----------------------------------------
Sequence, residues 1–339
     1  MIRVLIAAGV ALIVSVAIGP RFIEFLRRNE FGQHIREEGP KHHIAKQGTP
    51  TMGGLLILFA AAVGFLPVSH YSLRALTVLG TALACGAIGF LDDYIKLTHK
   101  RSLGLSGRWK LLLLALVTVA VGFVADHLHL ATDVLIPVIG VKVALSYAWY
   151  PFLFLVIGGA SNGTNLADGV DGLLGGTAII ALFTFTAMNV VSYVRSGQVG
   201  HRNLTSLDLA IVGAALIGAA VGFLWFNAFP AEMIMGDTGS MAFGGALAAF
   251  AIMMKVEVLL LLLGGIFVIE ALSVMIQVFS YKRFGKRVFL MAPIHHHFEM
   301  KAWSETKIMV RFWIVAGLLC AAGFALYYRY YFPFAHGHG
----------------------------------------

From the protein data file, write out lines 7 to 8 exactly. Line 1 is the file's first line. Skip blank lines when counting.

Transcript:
   251  AIMMKVEVLL LLLGGIFVIE ALSVMIQVFS YKRFGKRVFL MAPIHHHFEM
   301  KAWSETKIMV RFWIVAGLLC AAGFALYYRY YFPFAHGHG